By: Benjamin Shepherd
The US Supreme Court ruled in June that the Patient Protection and Affordable Care Act (PPACA) passes constitutional muster, upholding the individual mandate and striking down only one provision of the law.
I largely expected this outcome. I won’t comment on the wisdom of the law, but in the wake of the ruling the health care sector has been the top performer.
Health care providers and insurers anticipate about 35 million new customers and billions of dollars in additional spending, when the law’s requirement for every American to carry insurance or pay a penalty comes into effect by 2014.
Despite the top court’s ruling, PPACA isn’t completely out of the woods. Republicans have made the law’s repeal a major plank in their 2012 campaign platform. However, with Republicans and Democrats in a statistical dead heat in most of the key November races—including the one for the White House—it looks likely that it will take at least another four years for any repeal efforts to gain traction, by which point the law will be entrenched.
Now could be a good time for investors to look at a WellPoint (NYSE: WLP).
Covering approximately 34 million patients in 14 states, WellPoint is one of the largest managed care companies in the nation. It is also one of the largest in terms of the number of medical practitioners offering their services through WellPoint’s insurance networks.
The size of its network has allowed WellPoint to develop substantial pricing power in its markets. Moreover, being the exclusive licensee of the trusted Blue Cross Blue Shield name has made the company extremely attractive to its target market of small businesses.
Despite its clear advantages, WellPoint has been walloped in the market after it announced its intention to buy Amerigroup (NYSE: AGP) for $4.5 billion. Ordinarily, such an announcement wouldn’t be a major market-moving event, particularly since WellPoint expects the deal to add at least $1 to earnings per share within the next two years.
However, the perceived problem is that Amerigroup primarily serves 2 million Medicaid patients in 11 states.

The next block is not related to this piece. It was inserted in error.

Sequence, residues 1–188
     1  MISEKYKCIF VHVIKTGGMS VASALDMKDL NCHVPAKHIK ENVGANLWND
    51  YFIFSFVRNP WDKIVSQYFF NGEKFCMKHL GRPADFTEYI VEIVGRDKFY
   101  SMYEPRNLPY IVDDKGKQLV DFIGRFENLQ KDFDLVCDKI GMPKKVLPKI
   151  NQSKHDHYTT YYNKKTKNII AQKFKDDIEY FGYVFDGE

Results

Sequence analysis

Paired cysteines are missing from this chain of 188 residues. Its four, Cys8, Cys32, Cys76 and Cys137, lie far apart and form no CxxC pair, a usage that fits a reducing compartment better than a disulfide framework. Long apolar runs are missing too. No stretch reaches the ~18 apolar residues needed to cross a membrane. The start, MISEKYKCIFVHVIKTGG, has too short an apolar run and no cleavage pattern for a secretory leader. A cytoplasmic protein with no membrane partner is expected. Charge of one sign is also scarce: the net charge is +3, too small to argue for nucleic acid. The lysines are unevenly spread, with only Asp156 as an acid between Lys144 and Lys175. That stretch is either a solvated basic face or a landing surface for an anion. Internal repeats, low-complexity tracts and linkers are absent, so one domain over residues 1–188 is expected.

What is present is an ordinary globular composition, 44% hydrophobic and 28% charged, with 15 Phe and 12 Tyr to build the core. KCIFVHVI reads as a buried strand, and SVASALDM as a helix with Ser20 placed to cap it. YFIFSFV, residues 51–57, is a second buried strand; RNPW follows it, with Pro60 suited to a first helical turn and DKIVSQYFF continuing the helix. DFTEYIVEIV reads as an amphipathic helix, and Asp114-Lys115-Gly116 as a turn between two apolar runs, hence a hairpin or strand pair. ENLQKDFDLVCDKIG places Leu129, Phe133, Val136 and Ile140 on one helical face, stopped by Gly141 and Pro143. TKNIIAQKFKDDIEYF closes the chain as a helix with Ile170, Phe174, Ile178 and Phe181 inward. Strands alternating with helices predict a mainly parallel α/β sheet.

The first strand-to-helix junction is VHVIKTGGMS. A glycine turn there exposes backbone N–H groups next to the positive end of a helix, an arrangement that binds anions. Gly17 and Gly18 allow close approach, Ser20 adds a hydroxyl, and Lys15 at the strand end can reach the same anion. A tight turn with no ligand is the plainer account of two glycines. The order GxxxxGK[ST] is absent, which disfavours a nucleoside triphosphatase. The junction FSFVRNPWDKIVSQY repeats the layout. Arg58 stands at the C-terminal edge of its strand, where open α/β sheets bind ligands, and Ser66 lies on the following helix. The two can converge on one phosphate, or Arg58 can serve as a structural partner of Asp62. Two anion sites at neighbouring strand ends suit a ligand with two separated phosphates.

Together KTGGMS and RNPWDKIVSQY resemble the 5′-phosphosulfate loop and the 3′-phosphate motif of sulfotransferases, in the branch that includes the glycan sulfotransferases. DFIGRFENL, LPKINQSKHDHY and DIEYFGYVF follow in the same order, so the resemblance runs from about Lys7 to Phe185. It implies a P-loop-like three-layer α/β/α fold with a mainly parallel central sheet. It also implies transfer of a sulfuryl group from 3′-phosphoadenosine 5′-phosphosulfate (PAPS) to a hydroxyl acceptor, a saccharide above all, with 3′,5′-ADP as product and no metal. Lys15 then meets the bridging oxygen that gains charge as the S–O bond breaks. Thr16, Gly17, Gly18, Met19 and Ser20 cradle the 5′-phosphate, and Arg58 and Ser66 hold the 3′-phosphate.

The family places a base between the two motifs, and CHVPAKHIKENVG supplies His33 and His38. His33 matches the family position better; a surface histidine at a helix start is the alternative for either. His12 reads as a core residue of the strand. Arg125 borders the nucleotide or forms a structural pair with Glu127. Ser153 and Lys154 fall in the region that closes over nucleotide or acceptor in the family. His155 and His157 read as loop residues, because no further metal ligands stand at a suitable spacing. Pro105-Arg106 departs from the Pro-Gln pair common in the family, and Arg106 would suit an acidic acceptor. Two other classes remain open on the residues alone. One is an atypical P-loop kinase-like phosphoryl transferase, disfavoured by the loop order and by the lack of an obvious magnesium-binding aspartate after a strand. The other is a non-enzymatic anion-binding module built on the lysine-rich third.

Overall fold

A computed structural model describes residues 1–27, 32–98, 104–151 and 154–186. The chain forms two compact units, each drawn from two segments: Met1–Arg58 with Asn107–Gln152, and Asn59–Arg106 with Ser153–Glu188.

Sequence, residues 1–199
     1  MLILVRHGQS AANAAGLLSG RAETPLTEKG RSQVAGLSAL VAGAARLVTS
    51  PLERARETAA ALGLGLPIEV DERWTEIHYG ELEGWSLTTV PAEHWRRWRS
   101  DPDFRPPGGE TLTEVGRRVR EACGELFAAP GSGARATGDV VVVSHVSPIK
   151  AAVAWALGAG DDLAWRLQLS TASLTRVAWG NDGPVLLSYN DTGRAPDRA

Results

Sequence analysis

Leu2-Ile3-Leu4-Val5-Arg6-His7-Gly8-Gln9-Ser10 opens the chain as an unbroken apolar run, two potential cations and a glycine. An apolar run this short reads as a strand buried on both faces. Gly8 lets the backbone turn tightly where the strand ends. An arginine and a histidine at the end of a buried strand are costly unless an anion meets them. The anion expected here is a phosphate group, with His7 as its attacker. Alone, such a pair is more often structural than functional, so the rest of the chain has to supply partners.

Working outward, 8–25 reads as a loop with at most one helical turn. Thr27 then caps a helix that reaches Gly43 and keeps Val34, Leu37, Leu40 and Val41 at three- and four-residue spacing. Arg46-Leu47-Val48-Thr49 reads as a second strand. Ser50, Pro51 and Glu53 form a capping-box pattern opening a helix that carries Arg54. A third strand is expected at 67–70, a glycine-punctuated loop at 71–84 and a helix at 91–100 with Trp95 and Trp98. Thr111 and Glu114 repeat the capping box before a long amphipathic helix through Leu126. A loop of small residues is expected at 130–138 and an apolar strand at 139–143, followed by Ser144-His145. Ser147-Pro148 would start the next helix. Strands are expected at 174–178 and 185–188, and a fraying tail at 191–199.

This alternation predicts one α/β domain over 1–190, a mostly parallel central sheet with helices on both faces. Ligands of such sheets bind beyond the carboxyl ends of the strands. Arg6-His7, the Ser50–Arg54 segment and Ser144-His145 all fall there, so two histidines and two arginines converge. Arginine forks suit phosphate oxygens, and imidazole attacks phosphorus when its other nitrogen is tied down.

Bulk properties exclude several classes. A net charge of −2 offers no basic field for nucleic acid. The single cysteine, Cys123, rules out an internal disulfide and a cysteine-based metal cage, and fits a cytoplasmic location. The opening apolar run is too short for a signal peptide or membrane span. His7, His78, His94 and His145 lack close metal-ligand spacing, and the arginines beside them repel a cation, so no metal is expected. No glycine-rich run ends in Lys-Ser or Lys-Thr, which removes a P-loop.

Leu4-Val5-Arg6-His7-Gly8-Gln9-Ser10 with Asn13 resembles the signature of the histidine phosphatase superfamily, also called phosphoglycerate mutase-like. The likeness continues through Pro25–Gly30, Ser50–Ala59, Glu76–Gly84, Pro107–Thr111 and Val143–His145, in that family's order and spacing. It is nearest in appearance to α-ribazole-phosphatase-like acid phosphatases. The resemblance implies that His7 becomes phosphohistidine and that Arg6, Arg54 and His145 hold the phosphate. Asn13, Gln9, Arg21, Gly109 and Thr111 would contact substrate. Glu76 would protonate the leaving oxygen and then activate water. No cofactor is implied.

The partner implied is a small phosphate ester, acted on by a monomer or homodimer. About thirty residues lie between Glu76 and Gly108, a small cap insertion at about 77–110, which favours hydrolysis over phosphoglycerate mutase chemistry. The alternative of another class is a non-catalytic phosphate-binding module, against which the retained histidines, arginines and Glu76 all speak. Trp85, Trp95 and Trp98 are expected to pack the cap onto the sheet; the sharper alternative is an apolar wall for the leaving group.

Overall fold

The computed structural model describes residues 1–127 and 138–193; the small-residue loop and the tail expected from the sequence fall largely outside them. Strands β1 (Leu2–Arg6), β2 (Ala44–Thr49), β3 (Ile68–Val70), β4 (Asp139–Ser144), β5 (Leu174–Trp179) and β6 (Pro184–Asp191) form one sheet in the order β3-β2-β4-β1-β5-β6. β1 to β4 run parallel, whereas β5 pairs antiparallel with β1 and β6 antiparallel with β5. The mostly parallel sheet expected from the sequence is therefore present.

Although the Supreme Court upheld the majority of PPACA, it struck down the provision that would have allowed the federal government to withhold all federal Medicaid funding from states that did not participate in the expansion of the program called for under the law.
Republican governors already have said that they will refuse to participate in the Medicaid expansion, spooking investors who worry that WellPoint is making an acquisition in anticipation of a market development that may not come to pass.
It is not my job to espouse any political position. However, sheer pragmatism dictates that the Medicaid expansion is likely to occur because it will benefit hundreds of thousands of people in each state, primarily children, the poor and the elderly.
What’s more, the federal government is picking up the entire tab for the revamped Medicaid program through 2016, with states only responsible for about 10 percent of the cost thereafter. Refusing to accept this largesse could make for tricky campaigns in the next election cycle, even in the most conservative states. Advocates for the poor and many hospital associations already are pushing back on gubernatorial efforts to opt out of the law’s Medicaid plan.
While a few states may ultimately decide not to participate, I expect most to acquiesce. Within Amerigroup’s coverage area, Texas and Florida are the only states in danger of not joining the Medicaid expansion.
Consequently, WellPoint’s acquisition of Amerigroup should not only net it about 2 million new customers, but also allow it to claim a bigger slice of the estimated 18 million Americans who would be covered under the broader Medicaid program.
Even if the law’s Medicaid expansion were to hit some bumps in the road, the acquisition of Amerigroup is a savvy decision, as a growing number of states privatize their Medicaid plans to cut costs and improve coverage. By acquiring Amerigroup, WellPoint will get the systems it needs to better compete for privatized Medicaid business.
In addition to these tailwinds, WellPoint is attractively valued, trading almost on par with its book value and at a small discount to its expected earnings growth. WellPoint also pays a small quarterly dividend with a current yield of 1.8 percent. Check out Medicaid Nation: Winning and Losing Healthcare Stocks under Obamacare for more stock picks that could benefit from the Patient Protection and Affordable Care Act.